Stewart arrived early at Watkins Glen, gorgeously decked out in the freaky clothes and shoulder-length hair that have earned him more cachets with young fans around the world than any other driver in the business, and waited a full day before the Vacuum Cleaner could be readied for a test drive. He took six laps, steering the great white box tentatively around the circuit at modest speeds. "It feels glued to the road. There is no sensation of sideward motion whatsoever," he said after the trip. Another half-dozen laps two days before the race and he had the machine within whiskers of the times being clocked by Gurney and Hulme in the indomitable McLaren. The only apparent flaw in the 2J was its eagerness to carpet-sweep right along and whisk the track clean of loose stones and gulp them into its sensitive network of fans, but that problem was solved by the installation of a filter screen.
Charity about other people's cars is hardly a tradition among the racing crowd, and much of the postrace comment was restricted to grudging compliments about the Chaparral's brief flurry of speed—and bad puns about Hall "racing his car in the box it came in." Lola-Chevy Driver Peter Revson, who followed the 2J in fourth place during the early stages of the race, said, "It was hard to see anything exceptional about it except the driver. Stewart did a fantastic job, because that thing was all over the road." Winner Hulme noted condescendingly that he knew little about the 2J because he "was never behind it on the track." Then he shrugged, "It may be all right in time."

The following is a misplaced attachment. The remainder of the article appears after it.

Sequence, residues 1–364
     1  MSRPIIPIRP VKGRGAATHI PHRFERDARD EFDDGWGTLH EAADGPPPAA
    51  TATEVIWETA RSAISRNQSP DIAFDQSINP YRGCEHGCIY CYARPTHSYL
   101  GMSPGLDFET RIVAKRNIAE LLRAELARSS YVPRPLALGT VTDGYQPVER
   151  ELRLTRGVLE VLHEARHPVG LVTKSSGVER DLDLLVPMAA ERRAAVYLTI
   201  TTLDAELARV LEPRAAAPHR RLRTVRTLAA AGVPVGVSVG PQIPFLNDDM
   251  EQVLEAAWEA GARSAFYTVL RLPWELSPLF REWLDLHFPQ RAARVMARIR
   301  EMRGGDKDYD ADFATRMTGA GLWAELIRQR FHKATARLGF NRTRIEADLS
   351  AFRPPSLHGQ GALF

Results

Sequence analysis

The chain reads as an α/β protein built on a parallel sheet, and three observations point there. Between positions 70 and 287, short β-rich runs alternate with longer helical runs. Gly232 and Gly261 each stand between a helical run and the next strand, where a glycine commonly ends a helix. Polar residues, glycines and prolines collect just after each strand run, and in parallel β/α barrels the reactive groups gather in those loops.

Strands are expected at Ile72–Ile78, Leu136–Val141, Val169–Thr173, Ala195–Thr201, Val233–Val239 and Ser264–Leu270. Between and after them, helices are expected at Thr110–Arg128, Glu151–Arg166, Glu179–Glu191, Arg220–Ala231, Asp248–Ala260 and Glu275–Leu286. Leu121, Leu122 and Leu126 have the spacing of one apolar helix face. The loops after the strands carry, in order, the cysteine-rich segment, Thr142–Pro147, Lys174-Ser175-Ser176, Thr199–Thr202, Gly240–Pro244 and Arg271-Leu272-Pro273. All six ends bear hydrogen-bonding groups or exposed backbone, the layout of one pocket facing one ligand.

But Tyler Alexander, the chief mech-talent on Hulme's McLaren team, summed up most of the opposition's reaction—and latent fear of the Chaparral's potential—when he said, "I hope the car doesn't get going any quicker, so I don't have to go back home and build one like it."
Stewart and Hall left the green hummocks of western New York having learned what they sought to learn: the Chaparral 2J—complete with its arcane gadgetry—is, in fact, the raw material from which automobile racing revolutions are created.
Jackie Stewart will return to the Can-Am wars when breaks in his Grand Prix schedule permit, and the future looks bright. "Don't forget," cautions Hall, "a car of this type has a slight disadvantage on long straightaways. Its strength lies in cornering and braking. Yet Watkins Glen is a very fast circuit, without many corners. When we get to some slower tracks the true advantage of this system will become really apparent."
Take heart, Electrolux fans, the Chaparral lives.